The Planet Is Our Home

It surrounds us, it is in every place we go, on the street, on the beach or the woods. We see it when we climb a mountain or go for a swim. It is there, evidence of our wilful neglect or ingenious inventiveness. It is our own man-made friend and already a destructive enemy. It is causing permanent and irreversible harm to us and also to the creatures of the planet. Yes, you guessed it, it is plastic.

Every time I open a plastic-wrapped package of food or a product, I feel a twinge of guilt, sadness and frustration. I know it is a strong, reliable, protective man-made material that is very valuable in it’s many uses for mankind. It is used in every conceivable way from wrapping our sandwiches to the plastic chairs in which we sit. But how can I recycle and dispose of it in a safe harmless way?

A recent report in the London based ‘The Independent’ newspaper said that there are as many as eight million tons of plastic waste dumped into the oceans every year. There are, the report says, 51 trillion plastic micro particles – 500 times more than the stars in our galaxy spread all over the planet.

In the Arctic alone, that beautiful once pristine remote Ocean, researchers have detected 300 billion bits of floating plastic micro-particles, which the fish are eating as a consequence. Out of all the plastic produced in the past 80 years, 79 percent is dumped in landfills, burnt or finds its way into the environment and the oceans and only 9 percent of it is recycled, the report says.

Earth Day is approaching, on the 22nd April 22, and we have to focus on what this low-cost, useful yet pernicious material is doing to our environment. It is so beneficial and yet so destructive. We have to change our ways and invent a plant-based biodegradable form of plastic.

We are so dependent on fossil oil-based plastic that some estimates say we humans have manufactured as much a 8.3 billion metric tons of it since 1950 or thereabouts. According to a report by Ocean Conservatory, Southeast Asian countries including the Philippines are among the worst polluters. The Pasig River in Manila is one of the worst. Up to 60 percent of the plastic junk in the world comes from these Asian countries.

The durability of plastic is what gives it such appeal to manufacturers but that it’s weakness too. Fossil fuel-based plastic is not biodegradable, it will not rot away like wood or breakdown for hundreds of years and even then, it will remain a toxic substance poisoning the planet.

It does slowly disintegrate into micro-plastic particles and these become dust and cling to plants, float in the air and are carried into the rivers and oceans. They attract other chemicals, pesticides, and residues that cling to the plastic particles and create an unseen dangerous toxic brew of poison. The three witches around their cauldron in Shakespeare’s Macbeth could ever imagine such a toxic brew. Yes we are brewing trouble, “Double, double toil and trouble.” This might be a cause of different cancers.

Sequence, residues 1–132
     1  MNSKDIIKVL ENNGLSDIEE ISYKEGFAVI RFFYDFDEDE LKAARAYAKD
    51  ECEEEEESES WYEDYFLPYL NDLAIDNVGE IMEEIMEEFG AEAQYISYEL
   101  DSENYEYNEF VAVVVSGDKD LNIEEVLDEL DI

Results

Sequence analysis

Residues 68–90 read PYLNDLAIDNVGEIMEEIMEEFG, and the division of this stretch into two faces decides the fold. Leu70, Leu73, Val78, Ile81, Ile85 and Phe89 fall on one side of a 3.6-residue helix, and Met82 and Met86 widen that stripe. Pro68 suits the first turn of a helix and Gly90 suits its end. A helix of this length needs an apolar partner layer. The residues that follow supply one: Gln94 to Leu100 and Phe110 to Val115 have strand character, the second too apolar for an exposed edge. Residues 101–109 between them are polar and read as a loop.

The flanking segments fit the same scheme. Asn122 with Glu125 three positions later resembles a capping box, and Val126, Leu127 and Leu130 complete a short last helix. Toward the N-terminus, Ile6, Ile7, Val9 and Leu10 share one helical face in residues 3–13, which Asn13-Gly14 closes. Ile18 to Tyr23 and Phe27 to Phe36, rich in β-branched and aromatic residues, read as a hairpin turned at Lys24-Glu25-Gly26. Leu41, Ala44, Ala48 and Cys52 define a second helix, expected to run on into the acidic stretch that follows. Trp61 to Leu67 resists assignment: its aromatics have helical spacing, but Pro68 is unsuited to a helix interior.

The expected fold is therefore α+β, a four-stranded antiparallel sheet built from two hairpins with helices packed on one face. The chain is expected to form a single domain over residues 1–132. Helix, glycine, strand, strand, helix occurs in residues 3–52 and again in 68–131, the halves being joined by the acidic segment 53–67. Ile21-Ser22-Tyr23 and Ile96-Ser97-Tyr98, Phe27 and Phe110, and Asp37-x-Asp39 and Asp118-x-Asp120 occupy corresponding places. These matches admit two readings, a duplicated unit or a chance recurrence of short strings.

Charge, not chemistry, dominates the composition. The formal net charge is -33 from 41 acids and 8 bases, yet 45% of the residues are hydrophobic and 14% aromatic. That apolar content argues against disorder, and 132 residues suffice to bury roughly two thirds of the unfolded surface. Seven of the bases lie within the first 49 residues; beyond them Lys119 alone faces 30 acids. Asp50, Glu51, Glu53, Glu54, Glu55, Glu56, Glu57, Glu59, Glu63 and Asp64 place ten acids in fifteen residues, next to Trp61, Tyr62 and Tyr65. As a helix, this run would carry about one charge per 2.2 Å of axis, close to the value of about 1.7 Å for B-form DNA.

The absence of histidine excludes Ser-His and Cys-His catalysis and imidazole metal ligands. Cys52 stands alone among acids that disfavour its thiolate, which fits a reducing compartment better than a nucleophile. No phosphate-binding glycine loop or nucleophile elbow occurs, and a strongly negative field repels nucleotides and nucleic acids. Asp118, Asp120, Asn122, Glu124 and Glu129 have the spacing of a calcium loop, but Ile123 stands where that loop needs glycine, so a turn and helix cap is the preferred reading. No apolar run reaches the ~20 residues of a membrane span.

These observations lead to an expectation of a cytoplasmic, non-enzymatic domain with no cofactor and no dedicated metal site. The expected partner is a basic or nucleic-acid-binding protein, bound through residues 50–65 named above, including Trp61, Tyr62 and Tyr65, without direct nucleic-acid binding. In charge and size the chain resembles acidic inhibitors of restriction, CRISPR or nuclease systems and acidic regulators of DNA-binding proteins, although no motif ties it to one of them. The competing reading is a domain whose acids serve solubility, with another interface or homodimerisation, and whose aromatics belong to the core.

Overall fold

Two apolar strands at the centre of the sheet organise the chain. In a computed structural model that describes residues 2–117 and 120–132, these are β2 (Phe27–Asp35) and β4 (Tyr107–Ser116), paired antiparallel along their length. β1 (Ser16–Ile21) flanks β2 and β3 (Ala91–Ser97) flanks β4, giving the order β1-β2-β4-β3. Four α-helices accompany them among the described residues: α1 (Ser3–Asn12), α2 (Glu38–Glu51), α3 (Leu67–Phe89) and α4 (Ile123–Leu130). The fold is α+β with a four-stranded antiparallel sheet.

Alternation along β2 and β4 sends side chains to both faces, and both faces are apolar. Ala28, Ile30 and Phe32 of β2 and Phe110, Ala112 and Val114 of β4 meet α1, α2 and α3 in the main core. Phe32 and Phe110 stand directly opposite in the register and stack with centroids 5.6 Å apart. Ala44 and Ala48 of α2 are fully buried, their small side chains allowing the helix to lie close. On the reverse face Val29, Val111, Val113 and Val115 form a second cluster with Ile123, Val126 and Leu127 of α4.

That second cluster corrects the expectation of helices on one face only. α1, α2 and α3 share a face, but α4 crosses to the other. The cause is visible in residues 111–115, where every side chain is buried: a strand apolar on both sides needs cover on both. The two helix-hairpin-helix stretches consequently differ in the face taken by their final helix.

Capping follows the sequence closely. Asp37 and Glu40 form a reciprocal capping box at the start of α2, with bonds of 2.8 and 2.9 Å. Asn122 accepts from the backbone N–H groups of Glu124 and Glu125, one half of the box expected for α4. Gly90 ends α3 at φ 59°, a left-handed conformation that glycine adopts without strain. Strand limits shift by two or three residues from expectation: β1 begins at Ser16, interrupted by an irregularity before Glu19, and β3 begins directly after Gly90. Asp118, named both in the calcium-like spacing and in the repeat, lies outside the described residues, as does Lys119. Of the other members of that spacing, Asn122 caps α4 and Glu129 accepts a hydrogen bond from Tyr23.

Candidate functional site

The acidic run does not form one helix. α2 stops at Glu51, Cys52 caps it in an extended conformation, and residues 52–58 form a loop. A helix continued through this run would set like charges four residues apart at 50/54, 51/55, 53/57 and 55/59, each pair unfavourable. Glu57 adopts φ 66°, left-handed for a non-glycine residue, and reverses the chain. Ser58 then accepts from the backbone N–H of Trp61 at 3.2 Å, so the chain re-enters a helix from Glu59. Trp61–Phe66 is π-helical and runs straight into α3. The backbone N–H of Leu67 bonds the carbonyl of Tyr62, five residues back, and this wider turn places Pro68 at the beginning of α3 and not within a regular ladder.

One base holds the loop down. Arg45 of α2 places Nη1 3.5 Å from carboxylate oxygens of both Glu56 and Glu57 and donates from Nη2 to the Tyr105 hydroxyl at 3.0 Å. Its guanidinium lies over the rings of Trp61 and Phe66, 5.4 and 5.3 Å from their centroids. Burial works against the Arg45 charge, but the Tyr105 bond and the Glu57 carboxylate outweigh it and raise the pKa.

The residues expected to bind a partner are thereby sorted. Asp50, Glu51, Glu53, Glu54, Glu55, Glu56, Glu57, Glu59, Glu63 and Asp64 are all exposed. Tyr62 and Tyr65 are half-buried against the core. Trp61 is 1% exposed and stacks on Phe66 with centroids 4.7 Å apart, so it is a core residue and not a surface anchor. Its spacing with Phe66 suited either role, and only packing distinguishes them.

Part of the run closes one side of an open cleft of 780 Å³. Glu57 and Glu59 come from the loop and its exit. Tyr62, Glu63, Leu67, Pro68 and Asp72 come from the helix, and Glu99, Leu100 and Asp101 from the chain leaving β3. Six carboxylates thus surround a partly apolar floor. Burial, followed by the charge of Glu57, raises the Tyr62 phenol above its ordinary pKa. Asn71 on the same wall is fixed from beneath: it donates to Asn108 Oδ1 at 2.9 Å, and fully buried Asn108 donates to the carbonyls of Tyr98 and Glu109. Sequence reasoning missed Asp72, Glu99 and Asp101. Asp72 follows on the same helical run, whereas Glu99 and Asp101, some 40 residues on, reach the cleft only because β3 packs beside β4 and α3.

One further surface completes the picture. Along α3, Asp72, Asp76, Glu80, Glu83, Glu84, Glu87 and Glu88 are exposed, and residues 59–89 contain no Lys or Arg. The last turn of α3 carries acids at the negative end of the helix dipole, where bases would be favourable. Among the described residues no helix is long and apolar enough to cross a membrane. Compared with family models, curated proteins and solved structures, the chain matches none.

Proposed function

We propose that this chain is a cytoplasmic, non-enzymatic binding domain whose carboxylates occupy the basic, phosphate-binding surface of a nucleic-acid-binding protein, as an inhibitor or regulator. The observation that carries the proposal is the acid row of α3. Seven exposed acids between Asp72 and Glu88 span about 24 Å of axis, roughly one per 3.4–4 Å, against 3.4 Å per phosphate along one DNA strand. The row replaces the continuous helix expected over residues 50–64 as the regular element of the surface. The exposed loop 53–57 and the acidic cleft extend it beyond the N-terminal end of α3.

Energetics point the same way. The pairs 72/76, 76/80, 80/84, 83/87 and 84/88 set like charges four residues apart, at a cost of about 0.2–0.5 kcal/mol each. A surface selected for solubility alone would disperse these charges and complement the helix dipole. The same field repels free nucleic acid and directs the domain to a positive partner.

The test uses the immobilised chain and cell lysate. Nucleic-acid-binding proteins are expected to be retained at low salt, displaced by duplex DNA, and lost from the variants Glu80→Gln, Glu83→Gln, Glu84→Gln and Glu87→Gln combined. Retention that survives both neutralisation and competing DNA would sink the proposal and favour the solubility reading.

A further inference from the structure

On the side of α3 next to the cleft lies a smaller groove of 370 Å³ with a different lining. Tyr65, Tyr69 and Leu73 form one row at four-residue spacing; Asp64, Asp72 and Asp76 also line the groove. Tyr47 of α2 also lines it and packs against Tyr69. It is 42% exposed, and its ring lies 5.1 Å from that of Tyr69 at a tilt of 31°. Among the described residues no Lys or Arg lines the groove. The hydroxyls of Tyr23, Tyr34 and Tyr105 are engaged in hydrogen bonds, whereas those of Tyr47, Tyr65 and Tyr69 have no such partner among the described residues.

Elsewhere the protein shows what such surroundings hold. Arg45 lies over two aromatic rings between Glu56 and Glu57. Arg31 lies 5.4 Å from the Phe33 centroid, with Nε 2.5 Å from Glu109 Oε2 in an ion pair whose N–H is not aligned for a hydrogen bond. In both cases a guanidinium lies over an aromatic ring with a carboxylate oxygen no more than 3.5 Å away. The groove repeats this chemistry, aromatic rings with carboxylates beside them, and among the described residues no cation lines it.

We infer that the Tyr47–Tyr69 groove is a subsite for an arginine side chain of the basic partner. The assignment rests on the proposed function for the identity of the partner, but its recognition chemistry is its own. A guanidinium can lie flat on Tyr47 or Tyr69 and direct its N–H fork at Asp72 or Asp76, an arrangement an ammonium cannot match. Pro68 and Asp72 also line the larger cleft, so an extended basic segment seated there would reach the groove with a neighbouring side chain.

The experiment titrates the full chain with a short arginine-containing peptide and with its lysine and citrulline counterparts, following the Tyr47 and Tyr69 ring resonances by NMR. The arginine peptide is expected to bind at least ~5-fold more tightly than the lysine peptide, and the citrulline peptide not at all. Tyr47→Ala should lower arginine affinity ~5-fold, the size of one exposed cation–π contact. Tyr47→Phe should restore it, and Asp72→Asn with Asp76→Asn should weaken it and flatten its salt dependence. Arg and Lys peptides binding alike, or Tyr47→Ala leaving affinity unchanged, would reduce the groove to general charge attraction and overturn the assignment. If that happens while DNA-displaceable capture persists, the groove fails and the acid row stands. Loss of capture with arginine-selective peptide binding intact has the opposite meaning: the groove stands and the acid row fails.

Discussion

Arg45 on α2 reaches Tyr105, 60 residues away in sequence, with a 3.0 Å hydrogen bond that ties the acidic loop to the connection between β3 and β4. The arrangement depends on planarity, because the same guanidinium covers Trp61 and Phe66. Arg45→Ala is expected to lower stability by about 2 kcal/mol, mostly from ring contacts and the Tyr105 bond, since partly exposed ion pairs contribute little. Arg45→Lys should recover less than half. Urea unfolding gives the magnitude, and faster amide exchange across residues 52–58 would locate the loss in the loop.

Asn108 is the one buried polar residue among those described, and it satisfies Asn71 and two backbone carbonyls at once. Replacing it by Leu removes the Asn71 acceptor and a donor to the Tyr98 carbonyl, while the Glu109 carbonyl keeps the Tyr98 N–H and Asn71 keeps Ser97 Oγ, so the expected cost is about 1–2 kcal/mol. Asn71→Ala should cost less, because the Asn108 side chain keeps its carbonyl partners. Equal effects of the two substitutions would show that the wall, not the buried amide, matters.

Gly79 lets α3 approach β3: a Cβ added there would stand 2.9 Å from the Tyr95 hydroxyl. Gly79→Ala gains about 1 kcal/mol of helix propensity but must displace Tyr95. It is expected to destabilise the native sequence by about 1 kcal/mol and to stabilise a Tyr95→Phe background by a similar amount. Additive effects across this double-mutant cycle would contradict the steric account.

We are breathing these unseen and undetectable particles that can stick in our lungs and nostrils causing conditions that can’t be properly diagnosed. The planet or its inhabitants have not yet evolved to survive the onslaught of our own plastic poisoning. Plastic is derived from oil. The animals and our children’s children will be ingesting it for centuries to come if we don’t do something serious now to stop the pollution that is destroying creatures of our natural habitat and environment. We are stuck with it forever, it seems.

So if we live in a city environment which most of us do, or in an industrial area, we have the smog or fumes from burning coal and oil and diesel to contend with. The plastic micro-particles tend to cling to them according to new research by professor Frank Kelly, from London’s Kings College, who is a renowned researcher on the environmental hazards dangerous to our health.

There is, too, the “Great Pacific Garbage Patch” and “The Eastern Garbage Patch”. These are huge swats of the oceans in the North Atlantic and the Pacific Ocean where plastic debris has accumulated into islands some as big as France due to the action of the ocean currents.

Fish absorb the micro particles. Turtles swallow plastic bags thinking they are jellyfish and most fish eat plankton, but mistake the plastic micro particles for food. We eat a lot of fish, which is considered healthier than eating meat. We should all be vegetarians to save the planet.

That’s not possible nowadays because we consumed as much as 92.6 millions tonnes of fish in 2015 alone, according to a UN report. Many tonnes of fish are discarded and thrown back dead into the sea as not being commercially valuable in the western world. What a shocking waste. It also means that those of us that do eat fish will be ingesting more plastic than ever before. Soon, we will be carrying the plastic particles that will disrupt our hormones and inner organs. We have not yet evolved as plastic-resistant creatures.

Some towns and cities are banning the use of plastic bags. There is a new CleanSeas campaign announced by the United Nations to clean the oceans of plastic debris. Let us give a good example by recycling our plastic at home, clean the environment of plastic and encourage our nations to join the campaign.

– Fr. Shay Cullen

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